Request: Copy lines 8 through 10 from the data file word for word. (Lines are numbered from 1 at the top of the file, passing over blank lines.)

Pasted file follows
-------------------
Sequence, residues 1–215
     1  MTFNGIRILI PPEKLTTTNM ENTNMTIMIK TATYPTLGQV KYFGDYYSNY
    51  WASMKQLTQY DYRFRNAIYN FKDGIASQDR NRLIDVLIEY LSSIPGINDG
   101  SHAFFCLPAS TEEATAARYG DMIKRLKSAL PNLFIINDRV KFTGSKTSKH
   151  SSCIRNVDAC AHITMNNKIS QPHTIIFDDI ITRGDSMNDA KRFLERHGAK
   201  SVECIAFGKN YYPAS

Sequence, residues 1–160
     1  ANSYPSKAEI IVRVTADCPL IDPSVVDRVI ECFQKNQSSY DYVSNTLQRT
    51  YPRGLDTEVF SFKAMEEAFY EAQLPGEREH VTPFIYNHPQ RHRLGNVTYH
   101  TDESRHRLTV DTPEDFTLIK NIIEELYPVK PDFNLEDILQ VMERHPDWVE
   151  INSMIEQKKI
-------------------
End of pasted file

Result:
     1  ANSYPSKAEI IVRVTADCPL IDPSVVDRVI ECFQKNQSSY DYVSNTLQRT
    51  YPRGLDTEVF SFKAMEEAFY EAQLPGEREH VTPFIYNHPQ RHRLGNVTYH
   101  TDESRHRLTV DTPEDFTLIK NIIEELYPVK PDFNLEDILQ VMERHPDWVE